Abstract 108: Transcriptional and Epigenetic Regulation of MCP1 by Tumor Necrosis Factor-a and Cigarette Smoke: Key Mediators in Aneurysm Formation
Background: Although the underlying pathophysiology involved in aneurysm formation and progression is unknown, both cigarette smoke and alterations in the inflammatory cascade play a key role. We investigated the role of TNF-α and cigarette smoke extract (CSE) induction of an inflammatory phenotype in cerebral vascular smooth muscle cells (VSMC) through regulation of Monocyte Chemoattrant Protein-1 (MCP-1) and Kruppel Like Factor-4 (KLF4).
Methods: Cultured cerebral VSMC from rat Circle of Willis were treated with increasing doses of TNF-α and CSE. siRNA specific to KLF4 was transfected into cells, followed by TNF-α and CSE treatment. In vivo, experiments were performed by applying TNF-α and CSE infused pluronic gel to rat carotid artery adventitial surface. MCP1 activity was measured with qPCR. Aneurysm induction surgery was performed in rats, and mRNA from the Circle of Willis was measured with qPCR. Chromatin Immunoprecipitation (ChIP) was performed both in vitro and in vivo using anti-KLF4, anti-histone deacetylase 2 (HDAC2), and anti-histone 4 acetylation (H4Ac) antibodies.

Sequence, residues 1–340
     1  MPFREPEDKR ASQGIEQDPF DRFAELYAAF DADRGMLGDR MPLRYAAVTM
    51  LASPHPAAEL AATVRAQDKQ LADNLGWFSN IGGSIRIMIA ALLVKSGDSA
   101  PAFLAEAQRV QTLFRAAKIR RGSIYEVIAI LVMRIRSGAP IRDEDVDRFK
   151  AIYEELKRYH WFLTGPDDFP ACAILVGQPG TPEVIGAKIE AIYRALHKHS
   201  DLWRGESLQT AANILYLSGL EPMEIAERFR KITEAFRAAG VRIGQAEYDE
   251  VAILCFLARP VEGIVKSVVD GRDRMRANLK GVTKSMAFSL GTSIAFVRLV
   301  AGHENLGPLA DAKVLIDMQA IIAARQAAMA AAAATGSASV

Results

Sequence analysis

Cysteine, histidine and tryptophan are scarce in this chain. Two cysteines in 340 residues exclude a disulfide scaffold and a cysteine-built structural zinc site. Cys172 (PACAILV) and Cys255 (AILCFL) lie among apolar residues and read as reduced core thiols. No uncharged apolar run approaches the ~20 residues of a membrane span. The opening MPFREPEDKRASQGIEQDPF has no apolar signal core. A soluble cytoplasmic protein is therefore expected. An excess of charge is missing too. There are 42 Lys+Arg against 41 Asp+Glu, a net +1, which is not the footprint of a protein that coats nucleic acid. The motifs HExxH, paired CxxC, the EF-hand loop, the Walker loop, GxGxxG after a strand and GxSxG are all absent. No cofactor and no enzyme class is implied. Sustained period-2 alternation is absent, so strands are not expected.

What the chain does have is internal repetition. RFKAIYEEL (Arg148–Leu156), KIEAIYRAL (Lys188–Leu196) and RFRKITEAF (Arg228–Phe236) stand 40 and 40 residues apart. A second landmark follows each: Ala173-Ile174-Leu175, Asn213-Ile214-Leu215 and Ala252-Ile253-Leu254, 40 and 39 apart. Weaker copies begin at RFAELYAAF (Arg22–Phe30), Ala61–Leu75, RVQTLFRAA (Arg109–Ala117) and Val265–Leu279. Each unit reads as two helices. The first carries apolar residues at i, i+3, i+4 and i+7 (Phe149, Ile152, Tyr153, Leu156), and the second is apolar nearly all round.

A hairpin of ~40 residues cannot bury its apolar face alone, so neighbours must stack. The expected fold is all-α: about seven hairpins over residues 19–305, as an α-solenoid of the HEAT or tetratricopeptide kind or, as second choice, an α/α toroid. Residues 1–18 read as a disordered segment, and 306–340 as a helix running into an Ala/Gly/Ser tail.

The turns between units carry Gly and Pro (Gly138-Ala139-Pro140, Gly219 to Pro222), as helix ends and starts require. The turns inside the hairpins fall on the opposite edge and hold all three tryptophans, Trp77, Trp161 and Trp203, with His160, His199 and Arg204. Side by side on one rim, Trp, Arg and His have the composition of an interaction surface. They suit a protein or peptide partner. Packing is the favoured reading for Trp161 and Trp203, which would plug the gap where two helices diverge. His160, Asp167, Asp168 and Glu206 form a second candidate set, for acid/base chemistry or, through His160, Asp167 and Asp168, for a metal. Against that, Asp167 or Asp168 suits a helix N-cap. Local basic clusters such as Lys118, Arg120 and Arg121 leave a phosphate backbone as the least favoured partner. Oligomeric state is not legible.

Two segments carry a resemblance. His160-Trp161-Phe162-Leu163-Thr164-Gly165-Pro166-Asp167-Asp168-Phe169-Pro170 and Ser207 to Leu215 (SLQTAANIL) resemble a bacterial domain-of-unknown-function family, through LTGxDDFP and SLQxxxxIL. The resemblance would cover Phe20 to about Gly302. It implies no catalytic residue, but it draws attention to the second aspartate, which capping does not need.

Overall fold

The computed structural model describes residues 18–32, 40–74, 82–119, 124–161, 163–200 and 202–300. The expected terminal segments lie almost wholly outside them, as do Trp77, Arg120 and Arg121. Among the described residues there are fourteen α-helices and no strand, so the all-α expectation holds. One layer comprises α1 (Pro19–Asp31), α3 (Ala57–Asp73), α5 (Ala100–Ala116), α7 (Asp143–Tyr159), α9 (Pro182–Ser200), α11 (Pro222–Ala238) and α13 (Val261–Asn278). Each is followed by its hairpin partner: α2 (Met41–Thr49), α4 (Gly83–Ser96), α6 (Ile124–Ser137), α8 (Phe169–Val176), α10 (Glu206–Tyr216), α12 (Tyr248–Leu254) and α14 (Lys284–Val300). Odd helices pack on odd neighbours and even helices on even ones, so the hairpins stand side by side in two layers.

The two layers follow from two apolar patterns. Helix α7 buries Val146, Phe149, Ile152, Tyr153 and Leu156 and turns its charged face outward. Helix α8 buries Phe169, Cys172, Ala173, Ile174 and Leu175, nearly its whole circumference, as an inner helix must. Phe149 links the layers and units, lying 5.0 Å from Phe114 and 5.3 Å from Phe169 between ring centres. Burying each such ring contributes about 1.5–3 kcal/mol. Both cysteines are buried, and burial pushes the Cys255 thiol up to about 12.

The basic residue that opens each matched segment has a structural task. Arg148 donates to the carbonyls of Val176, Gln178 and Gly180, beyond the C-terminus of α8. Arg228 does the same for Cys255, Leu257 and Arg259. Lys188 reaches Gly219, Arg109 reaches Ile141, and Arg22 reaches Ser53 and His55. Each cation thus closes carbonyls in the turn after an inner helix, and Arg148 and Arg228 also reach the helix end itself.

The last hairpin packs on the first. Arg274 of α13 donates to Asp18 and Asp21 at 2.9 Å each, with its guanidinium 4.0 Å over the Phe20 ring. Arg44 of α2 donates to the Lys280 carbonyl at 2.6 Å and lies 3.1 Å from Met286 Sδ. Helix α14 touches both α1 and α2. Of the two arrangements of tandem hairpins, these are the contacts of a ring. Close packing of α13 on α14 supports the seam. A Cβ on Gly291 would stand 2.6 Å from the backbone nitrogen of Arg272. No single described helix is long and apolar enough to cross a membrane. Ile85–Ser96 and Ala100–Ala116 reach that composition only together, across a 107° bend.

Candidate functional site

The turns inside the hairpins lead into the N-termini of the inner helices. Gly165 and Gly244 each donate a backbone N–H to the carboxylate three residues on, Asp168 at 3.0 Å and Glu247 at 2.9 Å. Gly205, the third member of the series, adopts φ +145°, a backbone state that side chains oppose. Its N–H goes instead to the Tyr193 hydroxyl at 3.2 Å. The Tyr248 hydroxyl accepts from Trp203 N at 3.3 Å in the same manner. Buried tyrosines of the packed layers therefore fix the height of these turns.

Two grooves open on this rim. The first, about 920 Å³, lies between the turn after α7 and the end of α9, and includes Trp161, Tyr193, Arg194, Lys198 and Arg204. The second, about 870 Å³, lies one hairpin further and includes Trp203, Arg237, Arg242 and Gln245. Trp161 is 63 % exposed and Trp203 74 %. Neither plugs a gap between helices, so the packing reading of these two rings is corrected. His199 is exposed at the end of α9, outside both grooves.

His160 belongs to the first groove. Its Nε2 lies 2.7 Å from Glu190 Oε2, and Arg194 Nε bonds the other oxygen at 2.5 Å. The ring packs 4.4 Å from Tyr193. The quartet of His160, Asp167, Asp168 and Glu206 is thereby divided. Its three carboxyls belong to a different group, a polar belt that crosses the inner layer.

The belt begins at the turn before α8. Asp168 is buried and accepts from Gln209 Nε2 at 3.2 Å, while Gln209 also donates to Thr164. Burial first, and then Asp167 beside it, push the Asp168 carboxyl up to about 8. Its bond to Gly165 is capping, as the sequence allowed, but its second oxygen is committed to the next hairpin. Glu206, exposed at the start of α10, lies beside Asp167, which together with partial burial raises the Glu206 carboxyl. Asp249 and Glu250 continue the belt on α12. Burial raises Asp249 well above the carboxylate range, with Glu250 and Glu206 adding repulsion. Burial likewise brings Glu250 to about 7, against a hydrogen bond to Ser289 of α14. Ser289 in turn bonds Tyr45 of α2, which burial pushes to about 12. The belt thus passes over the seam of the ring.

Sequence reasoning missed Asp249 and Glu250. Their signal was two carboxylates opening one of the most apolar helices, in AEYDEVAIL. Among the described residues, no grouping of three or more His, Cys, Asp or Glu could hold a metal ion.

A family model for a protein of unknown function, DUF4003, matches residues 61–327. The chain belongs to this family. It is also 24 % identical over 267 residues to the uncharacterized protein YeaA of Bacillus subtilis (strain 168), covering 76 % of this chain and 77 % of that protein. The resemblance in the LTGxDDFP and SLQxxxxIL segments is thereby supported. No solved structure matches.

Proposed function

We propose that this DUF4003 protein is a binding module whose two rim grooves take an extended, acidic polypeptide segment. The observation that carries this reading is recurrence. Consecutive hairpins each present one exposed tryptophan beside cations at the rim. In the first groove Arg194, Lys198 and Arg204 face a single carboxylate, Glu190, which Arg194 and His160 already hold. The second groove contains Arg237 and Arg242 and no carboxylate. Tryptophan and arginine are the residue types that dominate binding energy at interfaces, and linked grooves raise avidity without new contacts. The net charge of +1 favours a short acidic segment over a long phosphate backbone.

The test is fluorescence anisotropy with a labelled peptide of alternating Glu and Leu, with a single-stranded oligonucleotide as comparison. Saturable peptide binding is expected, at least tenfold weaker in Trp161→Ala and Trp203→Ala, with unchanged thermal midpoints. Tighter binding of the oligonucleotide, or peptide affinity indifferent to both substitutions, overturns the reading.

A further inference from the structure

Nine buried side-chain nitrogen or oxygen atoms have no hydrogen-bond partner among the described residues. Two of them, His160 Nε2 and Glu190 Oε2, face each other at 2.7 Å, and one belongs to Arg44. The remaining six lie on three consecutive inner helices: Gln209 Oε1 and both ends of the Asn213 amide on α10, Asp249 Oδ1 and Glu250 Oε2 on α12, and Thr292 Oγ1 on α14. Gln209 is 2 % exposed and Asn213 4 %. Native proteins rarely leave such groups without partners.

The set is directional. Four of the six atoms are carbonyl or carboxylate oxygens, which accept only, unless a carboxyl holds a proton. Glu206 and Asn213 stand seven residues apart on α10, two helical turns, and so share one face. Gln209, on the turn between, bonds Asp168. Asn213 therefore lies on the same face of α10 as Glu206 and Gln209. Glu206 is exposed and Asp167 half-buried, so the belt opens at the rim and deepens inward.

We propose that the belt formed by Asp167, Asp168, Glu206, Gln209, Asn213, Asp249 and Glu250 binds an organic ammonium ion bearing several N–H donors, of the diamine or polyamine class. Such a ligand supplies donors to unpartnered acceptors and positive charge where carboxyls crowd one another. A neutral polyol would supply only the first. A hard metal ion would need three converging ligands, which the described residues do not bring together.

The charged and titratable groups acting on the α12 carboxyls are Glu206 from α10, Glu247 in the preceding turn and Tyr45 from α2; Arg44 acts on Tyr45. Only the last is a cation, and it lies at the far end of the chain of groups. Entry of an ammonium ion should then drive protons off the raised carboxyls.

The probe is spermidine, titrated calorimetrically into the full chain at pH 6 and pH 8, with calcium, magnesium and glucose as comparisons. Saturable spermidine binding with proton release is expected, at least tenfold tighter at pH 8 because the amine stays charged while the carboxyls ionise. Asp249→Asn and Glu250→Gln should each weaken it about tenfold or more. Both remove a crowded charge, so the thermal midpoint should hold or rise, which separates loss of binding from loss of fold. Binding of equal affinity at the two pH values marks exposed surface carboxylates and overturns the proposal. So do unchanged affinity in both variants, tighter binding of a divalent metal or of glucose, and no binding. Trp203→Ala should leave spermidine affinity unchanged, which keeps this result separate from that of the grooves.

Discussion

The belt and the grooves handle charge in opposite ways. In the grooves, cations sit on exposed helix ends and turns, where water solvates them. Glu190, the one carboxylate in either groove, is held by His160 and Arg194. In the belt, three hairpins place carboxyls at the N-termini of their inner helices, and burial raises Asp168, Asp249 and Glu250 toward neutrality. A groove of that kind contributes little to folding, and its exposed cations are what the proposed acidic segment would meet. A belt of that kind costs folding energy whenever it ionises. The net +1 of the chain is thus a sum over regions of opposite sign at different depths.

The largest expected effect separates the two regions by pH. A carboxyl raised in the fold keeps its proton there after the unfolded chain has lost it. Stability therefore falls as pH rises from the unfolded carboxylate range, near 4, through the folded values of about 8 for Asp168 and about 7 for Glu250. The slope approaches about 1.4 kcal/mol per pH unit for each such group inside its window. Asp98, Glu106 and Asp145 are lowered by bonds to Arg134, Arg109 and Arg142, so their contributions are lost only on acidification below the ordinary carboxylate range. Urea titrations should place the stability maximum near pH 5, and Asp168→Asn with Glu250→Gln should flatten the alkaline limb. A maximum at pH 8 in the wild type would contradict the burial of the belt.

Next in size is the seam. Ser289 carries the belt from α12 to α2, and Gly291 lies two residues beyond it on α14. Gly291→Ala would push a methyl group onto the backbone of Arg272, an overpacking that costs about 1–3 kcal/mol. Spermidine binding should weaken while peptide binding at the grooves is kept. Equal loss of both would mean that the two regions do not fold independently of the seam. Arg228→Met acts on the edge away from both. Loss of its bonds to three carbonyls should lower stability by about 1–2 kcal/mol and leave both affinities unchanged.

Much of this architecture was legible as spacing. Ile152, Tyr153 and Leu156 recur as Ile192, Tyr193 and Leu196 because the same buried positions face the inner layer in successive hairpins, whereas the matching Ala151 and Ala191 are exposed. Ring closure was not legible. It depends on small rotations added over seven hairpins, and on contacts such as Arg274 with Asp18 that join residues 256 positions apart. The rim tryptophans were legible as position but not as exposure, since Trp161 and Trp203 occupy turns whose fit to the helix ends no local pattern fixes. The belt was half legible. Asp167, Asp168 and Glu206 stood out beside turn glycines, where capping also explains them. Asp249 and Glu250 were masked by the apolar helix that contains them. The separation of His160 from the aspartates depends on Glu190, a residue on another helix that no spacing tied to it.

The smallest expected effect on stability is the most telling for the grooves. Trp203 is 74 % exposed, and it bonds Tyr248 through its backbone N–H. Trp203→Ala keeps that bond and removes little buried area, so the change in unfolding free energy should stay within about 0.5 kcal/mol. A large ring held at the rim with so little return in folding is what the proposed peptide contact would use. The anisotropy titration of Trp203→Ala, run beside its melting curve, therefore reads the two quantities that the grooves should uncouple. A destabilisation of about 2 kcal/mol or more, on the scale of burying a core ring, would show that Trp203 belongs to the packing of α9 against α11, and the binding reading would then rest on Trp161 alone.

Results: TNF-α and CSE treatment for 24-hours increases the expression of MCP-1 both in vitro and in vivo. Treatment with siKLF4 abrogates this inflammatory phenotype. Similarly, increased expression of TNF-α, KLF4, and MCP-1 was found after aneurysm induction in vivo. TNF-α and CSE initiated KLF4 binding to the MCP-1 promoter region in ChIP assays. This increases H4 acetylation and decreases HDAC2 binding to the promoter region resulting in MCP-1 stimulation.
Conclusion: TNF-αand CSE induce an inflammatory phenotype in cerebral VSMC by regulating the expression of MCP-1. KLF4 plays a critical role in this process through binding to the promoter region and induction of epigenetic changes favoring MCP-1 expression. MCP-1 upregulation and subsequent inflammatory cell recruitment is likely a key mechanism in cerebral aneurysm formation and may be an important target for future therapy.
- © 2012 by American Heart Association, Inc.